What to Look for in Video Management Software

Beyond the GUI, ways to differentiate between products


Many multi-facility organizations, like large school systems and campuses, use these capabilities to reduce security staffing levels by intelligently routing alarms and video over WANs to remote security guards. This is the case in a North American homeland security application, where Genetec's Omnicast software provides remote video monitoring of 12 facilities over a WAN. This particular application saves more than $500,000 in annual labor costs.


Video Review and Video Forensics

Retail stores and banks tend to migrate toward playback-centric video systems. While live video is important, the primary application is often forensic, requiring good tools for video searches coupled with intuitive interfaces to quickly export watermarked video for investigations or legal evidence.

Products with advanced video search tools can make it much easier to sort through large video archives.

Some products, such as Verint's Nextiva software, will tag video recordings with metadata that can be searched with a software tool. Metadata can be described as “data that describes data.” For digital video systems, metadata sources can include motion detection events, access control events or data from POS systems.

As metadata is provided to the system, it is indexed and recorded along with the digital video. The video search tools allow the user to define the parameters of the search. For example, the search may seek video in which there is motion at a specific time within a specific region of the building across several cameras. For transaction-oriented systems like access control, the search may seek video associated with a particular employee's movement through a facility.

Once the desired video clip is retrieved through a search, it is important to have VCR-type controls for event viewing, such as stop, fast-forward, rewind and frame-by-frame. The precision and ease of use of these controls varies widely from application to application and can vary by the compression method used. For example, some leading products have excellent tools that work with MJPEG sources but do not function well with MPEG-4 compression.

The software should have a video export tool that bookends the time frame of the event video and quickly exports the video clip to a CD or DVD for forensic evidence. The product should watermark the video during recording and then export that watermark to CD to eliminate the possibility of tampering.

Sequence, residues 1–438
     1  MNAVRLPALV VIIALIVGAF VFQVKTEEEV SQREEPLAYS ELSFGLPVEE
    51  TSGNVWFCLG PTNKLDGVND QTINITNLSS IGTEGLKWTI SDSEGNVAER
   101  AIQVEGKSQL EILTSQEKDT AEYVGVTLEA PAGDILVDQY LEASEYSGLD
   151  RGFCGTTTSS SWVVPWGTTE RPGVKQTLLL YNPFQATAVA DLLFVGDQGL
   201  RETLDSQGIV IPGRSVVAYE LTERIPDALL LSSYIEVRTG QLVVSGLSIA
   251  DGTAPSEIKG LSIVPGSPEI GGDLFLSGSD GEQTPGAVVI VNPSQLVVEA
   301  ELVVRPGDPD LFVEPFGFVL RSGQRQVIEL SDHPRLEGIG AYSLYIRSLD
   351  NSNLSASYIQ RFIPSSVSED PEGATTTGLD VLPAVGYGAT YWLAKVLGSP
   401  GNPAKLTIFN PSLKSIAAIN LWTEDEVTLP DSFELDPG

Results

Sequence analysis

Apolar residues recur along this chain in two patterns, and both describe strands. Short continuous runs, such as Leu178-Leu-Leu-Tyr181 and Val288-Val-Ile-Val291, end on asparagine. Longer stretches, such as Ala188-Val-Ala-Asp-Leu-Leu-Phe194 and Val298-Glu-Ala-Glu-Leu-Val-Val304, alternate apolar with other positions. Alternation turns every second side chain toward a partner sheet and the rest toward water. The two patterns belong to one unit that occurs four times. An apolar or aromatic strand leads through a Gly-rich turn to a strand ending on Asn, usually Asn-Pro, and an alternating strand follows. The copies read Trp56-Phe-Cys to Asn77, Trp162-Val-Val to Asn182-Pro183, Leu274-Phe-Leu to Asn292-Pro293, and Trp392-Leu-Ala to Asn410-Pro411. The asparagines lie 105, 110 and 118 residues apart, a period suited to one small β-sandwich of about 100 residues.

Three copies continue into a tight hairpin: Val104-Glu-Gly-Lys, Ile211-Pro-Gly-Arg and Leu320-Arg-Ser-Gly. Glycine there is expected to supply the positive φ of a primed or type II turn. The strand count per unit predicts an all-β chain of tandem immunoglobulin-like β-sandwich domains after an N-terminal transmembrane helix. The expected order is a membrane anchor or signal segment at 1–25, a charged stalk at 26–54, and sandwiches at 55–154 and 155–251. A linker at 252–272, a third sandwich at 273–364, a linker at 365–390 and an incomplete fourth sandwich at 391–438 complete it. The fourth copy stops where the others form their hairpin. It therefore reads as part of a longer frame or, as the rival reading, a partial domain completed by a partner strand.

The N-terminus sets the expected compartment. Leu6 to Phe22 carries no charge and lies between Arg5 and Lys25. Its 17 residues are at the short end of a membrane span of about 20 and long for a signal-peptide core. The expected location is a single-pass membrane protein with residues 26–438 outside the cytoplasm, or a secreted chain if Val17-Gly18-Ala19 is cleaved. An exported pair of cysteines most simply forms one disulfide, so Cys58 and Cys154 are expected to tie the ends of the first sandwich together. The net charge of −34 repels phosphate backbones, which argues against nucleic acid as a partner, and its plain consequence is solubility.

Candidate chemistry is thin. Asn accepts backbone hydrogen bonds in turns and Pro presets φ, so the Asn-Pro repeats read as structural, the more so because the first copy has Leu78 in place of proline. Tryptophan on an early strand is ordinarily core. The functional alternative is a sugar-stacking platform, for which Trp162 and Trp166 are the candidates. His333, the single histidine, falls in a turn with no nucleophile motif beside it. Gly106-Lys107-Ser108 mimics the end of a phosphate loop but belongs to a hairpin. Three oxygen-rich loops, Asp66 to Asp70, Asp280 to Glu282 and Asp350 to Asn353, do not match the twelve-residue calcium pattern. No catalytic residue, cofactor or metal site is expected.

Network Video Recording

Network video recording is the process of indexing and recording compressed video and audio streams to a storage system.

Most network video recording software will digitally sign each video frame as a watermark to protect against tampering or modification. Digital signatures can help the video hold up as forensic evidence in legal proceedings.

Most NVRs do a good job of emulating important DVR features, such as using events and schedules to trigger recording and bump video quality.

Open-architecture software will use the operating system's (Windows or Linux) file system to store video clips. Typically, any storage system that can be mapped as an operating system drive can be used for video storage. This open approach provides tremendous flexibility in the choice of the storage system. Internal disks, direct-attached storage (DAS), network-attached storage (NAS) and storage area networks (SAN) can all be arranged in RAID configurations and provided by storage vendors such as EMC, IBM and HP. Closed systems generally don't support commercially available storage systems.

Administration and Configuration

Video management systems manage users, devices and events. Device management begins with the task of adding cameras and encoders. Software products that support auto-discovery protocols reduce the complexity of adding new devices by recognizing new devices on the network and presenting them in a GUI for configuration. Most products provide the ability to configure basic compression and video quality settings. Fewer software products provide the ability to configure more complex settings like on-board motion detection. Instead, the GUI usually offers a hyperlink to the camera's on-board Web server, allowing you to use the device's built-in user interface for configuration.

Event management is one of the most difficult human-factor challenges for video management software developers. This involves providing an intuitive method of mapping system events like motion detection to actionable system responses like event recording, PTZ presets, video pop-ups and operator alerts. These user interfaces are often complex and require some degree of training.